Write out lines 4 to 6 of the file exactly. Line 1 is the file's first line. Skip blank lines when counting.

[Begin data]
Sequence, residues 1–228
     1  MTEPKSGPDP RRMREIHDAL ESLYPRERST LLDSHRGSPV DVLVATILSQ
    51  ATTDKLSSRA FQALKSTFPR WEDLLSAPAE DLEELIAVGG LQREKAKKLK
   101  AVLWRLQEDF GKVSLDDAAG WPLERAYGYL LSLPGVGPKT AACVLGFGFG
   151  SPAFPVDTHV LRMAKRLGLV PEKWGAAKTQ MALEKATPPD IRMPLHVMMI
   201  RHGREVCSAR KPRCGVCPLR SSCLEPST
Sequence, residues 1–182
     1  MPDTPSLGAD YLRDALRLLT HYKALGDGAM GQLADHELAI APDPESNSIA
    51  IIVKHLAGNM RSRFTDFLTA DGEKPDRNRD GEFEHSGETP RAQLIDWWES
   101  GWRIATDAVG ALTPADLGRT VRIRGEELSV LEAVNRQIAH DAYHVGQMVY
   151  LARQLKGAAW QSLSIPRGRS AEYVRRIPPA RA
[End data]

   101  AVLWRLQEDF GKVSLDDAAG WPLERAYGYL LSLPGVGPKT AACVLGFGFG
   151  SPAFPVDTHV LRMAKRLGLV PEKWGAAKTQ MALEKATPPD IRMPLHVMMI
   201  RHGREVCSAR KPRCGVCPLR SSCLEPST